This past weekend I finally found a theatre in the East Bay screening My Winnipeg. I've heard about this film for the past year and have been curious about the apparently newly created genre: "docu-fantasy." It's an apt description as this film interperses facts and recreations of Winnipeg's history, with dramatizations of scenes from the director's (Guy Maddin) own childhood.
I have to admit that for the first fifteen minutes or so, I was quite worried about the direction the film was heading in (something along the lines of bad poetry combined with repetitive images). Thankfully, what follows is much more enjoyable. On one hand this is a story that embodies the "myth" and "legend" that one's hometown holds. It's also a nostaglic (but not always loving) look at an era that has passed, signaled by the demolition of buildings that once played roles in Winnipeg's myth. Lastly, I find it pretty ingenious to cast actors to play one's relatives in recreating childhood stories. This film is not perfect, but I did laugh out loud at times, and often found myself thinking or wondering about the stories of my own hometown. 4/5
Black Narcissus (1947) Powell & Pressburger - A group of nuns go to the Himalayas to start a school/hospital/community center. They find difficulty with the "natives" and with a pompous British soldier stationed there. Oh yeah, and one nun is crazy. This film is a technicolored, dramatic music epic, complete with plenty of racist and sexist lines, scenes, characters, etc. However, it's pretty to look at, though that hardly makes up for the other stuff...3/5
Diary of a Country Priest (1950) Bresson - This film is about a young priest who is not entirely welcome in his village, has tuberculosis, and often seems to have difficulty with his own faith, much less being able to advise those in his congregation. While I found the concept interesting enough and I did like the main character/actor, overall I found the film somewhat boring. 3.5/5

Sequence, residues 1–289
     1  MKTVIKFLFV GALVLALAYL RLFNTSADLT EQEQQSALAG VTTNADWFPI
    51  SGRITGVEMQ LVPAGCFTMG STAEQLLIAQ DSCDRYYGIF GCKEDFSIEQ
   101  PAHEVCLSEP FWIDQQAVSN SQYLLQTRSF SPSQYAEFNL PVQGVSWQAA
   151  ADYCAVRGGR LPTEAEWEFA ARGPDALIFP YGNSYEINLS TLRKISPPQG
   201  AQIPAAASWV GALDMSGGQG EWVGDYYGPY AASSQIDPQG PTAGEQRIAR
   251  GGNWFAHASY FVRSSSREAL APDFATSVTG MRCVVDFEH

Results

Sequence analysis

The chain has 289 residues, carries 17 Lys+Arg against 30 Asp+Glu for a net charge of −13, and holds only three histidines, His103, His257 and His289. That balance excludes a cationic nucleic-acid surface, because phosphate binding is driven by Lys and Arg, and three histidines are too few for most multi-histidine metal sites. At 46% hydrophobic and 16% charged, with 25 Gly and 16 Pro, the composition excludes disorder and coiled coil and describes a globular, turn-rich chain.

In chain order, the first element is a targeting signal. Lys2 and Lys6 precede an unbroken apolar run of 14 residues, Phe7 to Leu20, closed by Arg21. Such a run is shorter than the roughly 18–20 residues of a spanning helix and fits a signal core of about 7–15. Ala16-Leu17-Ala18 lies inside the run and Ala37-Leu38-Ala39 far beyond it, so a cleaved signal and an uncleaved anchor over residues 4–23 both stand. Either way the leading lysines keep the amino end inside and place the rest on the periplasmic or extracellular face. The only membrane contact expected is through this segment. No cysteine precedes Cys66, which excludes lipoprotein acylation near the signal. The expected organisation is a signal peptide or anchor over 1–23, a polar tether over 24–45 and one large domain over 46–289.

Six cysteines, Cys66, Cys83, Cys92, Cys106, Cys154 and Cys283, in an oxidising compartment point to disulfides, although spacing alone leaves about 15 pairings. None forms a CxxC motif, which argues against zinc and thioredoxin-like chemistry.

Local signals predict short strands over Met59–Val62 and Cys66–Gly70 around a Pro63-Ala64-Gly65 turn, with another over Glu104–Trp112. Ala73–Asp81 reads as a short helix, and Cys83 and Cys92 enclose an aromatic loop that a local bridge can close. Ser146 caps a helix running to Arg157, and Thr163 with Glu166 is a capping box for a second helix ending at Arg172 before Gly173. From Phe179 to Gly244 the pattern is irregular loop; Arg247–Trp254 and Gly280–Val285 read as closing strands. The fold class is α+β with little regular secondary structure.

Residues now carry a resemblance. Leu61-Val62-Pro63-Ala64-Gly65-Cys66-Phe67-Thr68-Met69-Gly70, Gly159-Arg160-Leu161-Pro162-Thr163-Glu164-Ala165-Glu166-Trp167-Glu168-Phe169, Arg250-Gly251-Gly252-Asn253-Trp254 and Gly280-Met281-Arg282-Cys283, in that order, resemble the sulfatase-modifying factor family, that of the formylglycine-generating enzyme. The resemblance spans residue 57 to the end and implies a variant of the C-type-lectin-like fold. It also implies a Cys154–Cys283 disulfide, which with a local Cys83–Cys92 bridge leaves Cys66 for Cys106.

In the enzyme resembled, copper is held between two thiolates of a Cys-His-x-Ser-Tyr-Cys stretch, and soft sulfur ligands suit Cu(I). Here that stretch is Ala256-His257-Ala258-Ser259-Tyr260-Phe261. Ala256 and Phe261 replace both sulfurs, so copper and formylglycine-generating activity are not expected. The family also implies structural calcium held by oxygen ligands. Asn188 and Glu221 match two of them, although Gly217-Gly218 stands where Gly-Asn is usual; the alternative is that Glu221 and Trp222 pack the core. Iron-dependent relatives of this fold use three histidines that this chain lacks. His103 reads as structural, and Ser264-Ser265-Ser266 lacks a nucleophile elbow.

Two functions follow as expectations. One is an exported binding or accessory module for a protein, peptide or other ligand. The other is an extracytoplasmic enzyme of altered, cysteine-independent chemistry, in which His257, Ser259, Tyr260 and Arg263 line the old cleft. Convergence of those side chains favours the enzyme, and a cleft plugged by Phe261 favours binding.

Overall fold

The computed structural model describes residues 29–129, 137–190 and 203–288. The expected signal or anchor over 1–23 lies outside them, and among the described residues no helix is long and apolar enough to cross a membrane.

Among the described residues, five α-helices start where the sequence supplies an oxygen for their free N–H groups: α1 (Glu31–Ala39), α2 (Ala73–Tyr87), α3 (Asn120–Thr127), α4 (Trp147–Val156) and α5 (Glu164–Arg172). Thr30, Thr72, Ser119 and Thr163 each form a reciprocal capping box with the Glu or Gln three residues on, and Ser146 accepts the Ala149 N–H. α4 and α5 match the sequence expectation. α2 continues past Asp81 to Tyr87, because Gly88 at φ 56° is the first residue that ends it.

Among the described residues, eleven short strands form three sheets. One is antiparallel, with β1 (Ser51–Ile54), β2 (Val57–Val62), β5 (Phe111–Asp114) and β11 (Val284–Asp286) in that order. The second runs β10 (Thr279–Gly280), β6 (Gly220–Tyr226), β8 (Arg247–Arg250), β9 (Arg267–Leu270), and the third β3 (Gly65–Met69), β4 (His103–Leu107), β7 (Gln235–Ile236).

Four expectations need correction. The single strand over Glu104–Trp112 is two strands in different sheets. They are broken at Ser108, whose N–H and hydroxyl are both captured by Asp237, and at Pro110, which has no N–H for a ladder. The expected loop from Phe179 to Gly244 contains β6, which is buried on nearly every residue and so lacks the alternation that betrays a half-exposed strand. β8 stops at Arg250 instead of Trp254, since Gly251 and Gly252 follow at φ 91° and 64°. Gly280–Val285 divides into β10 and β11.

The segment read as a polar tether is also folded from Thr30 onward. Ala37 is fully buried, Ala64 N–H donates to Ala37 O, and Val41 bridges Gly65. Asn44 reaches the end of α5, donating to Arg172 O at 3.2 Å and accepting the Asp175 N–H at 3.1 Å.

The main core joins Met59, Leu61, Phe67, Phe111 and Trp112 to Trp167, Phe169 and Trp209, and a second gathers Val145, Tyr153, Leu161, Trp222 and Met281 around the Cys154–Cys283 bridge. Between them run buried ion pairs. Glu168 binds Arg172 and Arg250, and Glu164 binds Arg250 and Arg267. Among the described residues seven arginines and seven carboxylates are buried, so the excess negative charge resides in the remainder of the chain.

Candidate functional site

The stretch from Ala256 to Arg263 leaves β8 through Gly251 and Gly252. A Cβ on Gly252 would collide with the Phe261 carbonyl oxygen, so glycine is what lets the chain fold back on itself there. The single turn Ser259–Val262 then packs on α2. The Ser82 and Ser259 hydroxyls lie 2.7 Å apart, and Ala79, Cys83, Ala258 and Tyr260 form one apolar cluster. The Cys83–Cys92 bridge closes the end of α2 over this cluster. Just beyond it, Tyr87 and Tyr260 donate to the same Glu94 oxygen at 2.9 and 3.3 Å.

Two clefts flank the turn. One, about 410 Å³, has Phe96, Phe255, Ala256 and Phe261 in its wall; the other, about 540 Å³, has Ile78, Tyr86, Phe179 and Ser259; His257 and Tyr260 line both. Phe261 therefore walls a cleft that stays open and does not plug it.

Occurrence at Owl Creek Bridge (1962) Enrico - A short based on story about the Civil War, specifically a confederate supporter sentenced to be hanged from a bridge, and literally we see his life pass before his eyes, and then it seems like he might be lucky after all...A really cool-looking half hour film. 4/5
The Silence (1963) Bergman - Part of Bergman's "trilogy of faith," this is a story about two sisters of very opposite temperaments on a trip, as seen mainly through the eyes of the young son of one of the sisters. While travelling, one sister falls ill, and the other tries to get some ass. Remarkable acting, beautifully shot, sensual and thought-provoking...as the best Bergman is..5/5
the World (2004) Zhang - A take on modern capitalism in a China struggling between communism of its past and capitalism in its (reluctant?) future/present. The story is very lyrical but narrative can be found surrounding the employees of an amusement park that features scaled-down monuments from around the world. Lushly saturated colors and epic in scale. 4/5
*If you need a Steve Coogan fix, you will not have to wait much longer as Hamlet 2, a story about a failed actor who becomes a high school teacher and puts on a politically incorrect musical sequel to Hamlet, will be released on August 27. (All though...it's not getting the best reviews ever)
* Spike Lee is working on a bunch of stuff including a sequel to Inside Man, a documentary about Michael Jordan, and his upcoming release Miracle at St. Anna, a war story about four black american soldiers, etc. (I doubt I will ever watch this) However, did you hear that Clint Eastwood recently told Spike Lee to "shut his face"? Spike called Eastwood out on the lack of black actors in his films, and that was Eastwood's response. (oh shit!)
* And in other Spike news, Spike Jonze is finishing up his version of Where the Wild Things Are, but there have been massive rumors about reshoots and issues with the studio, so who knows when it will actually be released.